September’s Airbus cyber-attacks demonstrated that there has never been a better time for companies to pay attention to their supply chain security.
Airbus was forced to act in the wake of a hacking operation that was directed at many of its suppliers and resulted in unauthorised access to key Airbus supply chain data. Rolls Royce and French tech supplier Expleo were among the most prominent Airbus suppliers to be targeted in an attempted hack into the aircraft manufacturer’s entire network. In a recent article in Infosecurity Magazine, Simon Wood, CEO of Ubisecure considers the challenge and offers a possible solution.
As he explains: “these instances are now pervasive across numerous other industries, as businesses are under increasing pressure to digitally transform to remain competitive. Third party solutions for components and systems are increasingly being used to support the transformation, and these have opened up wider networks for interaction with a company’s data pools.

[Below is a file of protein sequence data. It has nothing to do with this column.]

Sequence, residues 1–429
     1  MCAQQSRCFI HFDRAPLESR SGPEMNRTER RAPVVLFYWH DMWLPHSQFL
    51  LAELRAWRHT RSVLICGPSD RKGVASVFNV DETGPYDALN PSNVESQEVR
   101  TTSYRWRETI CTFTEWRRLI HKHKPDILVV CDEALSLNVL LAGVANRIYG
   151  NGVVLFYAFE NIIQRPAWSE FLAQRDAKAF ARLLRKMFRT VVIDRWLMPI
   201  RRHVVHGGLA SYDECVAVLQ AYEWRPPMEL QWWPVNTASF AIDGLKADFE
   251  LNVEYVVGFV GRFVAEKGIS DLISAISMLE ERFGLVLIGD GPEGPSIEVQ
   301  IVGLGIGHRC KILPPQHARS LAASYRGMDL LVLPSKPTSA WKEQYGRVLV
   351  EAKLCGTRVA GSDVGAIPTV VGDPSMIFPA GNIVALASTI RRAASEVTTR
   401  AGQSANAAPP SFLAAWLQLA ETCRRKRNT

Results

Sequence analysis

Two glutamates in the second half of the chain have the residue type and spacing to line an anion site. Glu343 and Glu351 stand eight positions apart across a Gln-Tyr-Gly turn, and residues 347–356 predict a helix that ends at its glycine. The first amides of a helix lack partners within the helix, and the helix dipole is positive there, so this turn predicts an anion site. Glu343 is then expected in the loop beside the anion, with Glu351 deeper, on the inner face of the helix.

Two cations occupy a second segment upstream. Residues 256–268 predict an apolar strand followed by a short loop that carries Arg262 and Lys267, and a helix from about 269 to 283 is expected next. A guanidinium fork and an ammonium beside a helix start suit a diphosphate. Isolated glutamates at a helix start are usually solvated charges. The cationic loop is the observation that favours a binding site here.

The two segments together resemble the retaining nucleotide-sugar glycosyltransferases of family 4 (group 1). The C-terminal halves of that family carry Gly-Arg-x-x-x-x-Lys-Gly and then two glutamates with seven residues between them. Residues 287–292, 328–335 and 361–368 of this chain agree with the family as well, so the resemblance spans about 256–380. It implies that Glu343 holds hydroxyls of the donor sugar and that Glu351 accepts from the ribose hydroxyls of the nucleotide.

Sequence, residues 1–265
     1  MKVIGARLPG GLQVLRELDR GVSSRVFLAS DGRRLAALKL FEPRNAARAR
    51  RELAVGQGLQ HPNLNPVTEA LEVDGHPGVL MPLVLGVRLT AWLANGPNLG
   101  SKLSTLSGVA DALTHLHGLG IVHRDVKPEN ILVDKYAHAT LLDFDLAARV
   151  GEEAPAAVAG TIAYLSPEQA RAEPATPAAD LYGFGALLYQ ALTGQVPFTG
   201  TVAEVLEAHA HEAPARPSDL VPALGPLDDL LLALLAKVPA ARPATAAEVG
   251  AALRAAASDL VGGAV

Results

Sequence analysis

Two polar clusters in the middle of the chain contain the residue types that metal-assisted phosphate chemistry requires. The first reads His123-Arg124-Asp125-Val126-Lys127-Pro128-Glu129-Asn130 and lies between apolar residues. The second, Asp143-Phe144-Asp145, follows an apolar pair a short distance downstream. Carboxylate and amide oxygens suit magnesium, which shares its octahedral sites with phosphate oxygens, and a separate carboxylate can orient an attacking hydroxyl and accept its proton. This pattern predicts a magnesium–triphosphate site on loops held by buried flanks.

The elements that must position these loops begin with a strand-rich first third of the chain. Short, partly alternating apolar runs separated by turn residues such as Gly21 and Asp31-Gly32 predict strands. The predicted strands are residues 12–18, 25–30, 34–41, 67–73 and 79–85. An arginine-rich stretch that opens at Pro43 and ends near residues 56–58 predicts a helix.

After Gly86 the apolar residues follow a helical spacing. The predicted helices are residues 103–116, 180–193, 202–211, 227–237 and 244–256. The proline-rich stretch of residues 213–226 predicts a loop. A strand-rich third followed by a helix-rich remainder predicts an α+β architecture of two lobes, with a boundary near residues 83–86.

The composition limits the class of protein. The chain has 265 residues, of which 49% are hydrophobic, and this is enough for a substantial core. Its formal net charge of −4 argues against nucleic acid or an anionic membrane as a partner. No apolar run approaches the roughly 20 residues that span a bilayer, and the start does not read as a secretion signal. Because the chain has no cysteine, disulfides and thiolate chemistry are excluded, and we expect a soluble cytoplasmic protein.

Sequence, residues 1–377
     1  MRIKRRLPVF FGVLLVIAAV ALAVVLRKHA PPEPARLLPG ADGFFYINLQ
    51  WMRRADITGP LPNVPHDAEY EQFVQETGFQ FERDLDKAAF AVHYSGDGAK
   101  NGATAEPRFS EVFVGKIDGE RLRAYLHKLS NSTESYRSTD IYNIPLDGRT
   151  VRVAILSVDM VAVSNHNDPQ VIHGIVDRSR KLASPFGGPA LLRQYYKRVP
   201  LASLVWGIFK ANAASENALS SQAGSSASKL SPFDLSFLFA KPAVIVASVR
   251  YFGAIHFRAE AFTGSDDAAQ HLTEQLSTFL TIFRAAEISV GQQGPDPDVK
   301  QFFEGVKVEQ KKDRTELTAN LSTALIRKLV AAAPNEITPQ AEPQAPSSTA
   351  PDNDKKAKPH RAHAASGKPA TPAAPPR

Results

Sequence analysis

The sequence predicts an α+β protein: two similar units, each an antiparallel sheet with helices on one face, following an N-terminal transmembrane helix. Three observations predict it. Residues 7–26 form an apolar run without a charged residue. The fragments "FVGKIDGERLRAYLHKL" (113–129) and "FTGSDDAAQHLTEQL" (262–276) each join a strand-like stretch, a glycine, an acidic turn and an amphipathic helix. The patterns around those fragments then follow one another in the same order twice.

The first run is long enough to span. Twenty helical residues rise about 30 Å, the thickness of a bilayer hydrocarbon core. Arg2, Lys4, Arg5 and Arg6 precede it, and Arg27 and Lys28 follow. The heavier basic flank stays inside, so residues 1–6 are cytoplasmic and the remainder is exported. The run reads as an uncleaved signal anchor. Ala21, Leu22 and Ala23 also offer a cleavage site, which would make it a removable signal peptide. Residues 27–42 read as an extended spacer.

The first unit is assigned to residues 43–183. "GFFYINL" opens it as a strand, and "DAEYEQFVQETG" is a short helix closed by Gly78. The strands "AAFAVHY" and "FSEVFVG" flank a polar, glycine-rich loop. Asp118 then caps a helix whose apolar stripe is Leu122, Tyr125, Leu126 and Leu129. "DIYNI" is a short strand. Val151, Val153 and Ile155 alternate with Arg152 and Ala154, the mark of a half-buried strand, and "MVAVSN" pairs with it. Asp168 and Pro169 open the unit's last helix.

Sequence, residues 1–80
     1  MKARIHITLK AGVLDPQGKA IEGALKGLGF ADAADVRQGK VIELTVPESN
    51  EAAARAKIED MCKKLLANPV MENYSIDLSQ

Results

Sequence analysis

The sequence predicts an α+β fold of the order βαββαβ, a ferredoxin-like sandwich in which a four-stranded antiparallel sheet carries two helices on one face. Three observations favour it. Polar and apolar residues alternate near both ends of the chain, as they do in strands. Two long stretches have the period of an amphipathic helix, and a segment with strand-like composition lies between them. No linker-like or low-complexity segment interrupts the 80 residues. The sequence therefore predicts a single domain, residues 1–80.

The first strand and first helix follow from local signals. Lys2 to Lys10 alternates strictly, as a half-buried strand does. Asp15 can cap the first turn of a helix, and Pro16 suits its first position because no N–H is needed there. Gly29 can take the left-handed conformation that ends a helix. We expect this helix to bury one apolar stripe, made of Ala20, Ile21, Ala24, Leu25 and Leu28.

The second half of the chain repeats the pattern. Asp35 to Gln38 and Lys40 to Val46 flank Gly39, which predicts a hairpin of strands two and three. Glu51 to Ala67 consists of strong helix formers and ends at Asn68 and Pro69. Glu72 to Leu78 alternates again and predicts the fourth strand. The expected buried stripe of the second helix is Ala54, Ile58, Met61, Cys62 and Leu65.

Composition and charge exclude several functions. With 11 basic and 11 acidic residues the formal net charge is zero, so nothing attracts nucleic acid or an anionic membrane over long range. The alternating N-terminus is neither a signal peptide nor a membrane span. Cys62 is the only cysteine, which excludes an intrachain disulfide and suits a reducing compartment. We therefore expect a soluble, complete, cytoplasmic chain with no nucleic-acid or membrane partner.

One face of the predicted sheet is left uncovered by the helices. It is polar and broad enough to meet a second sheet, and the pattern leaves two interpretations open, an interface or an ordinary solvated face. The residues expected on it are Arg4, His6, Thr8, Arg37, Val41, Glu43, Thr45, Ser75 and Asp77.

“Hackers have exploited this new level of commercial interactivity and exposure through third party involvement, developing new approaches to infiltrate business operations and intellectual property. It has the potential to be a weak link and has become a preferred method of penetrating a company’s security infrastructure. In fact, third party data breaches rose by 50% last year alone.
“So it has become vital for companies to establish and deliver robust due diligence around their supplier relationships, and the related parties who could potentially access their systems as a result of those relationships.”
He goes on to explain how a more robust digital approach is needed and suggests that “digitising delegation” may offer an answer.
More efficient than the traditional, face-to-face approach, electronic delegation is scalable, it is faster and it is much more secure. It is also efficient and cost-effective. Despite this, it has not been widely adopted.
The article looks at examples of digital delegation and outlines the advantages of this approach. Summing up, Wood suggests that “the cost, productivity and scalability benefits will create a strong desire to adopt the solutions amongst organisations – but it’s the security considerations that will create the need.”
A version of this article originally appeared in Infosecurity Magazine.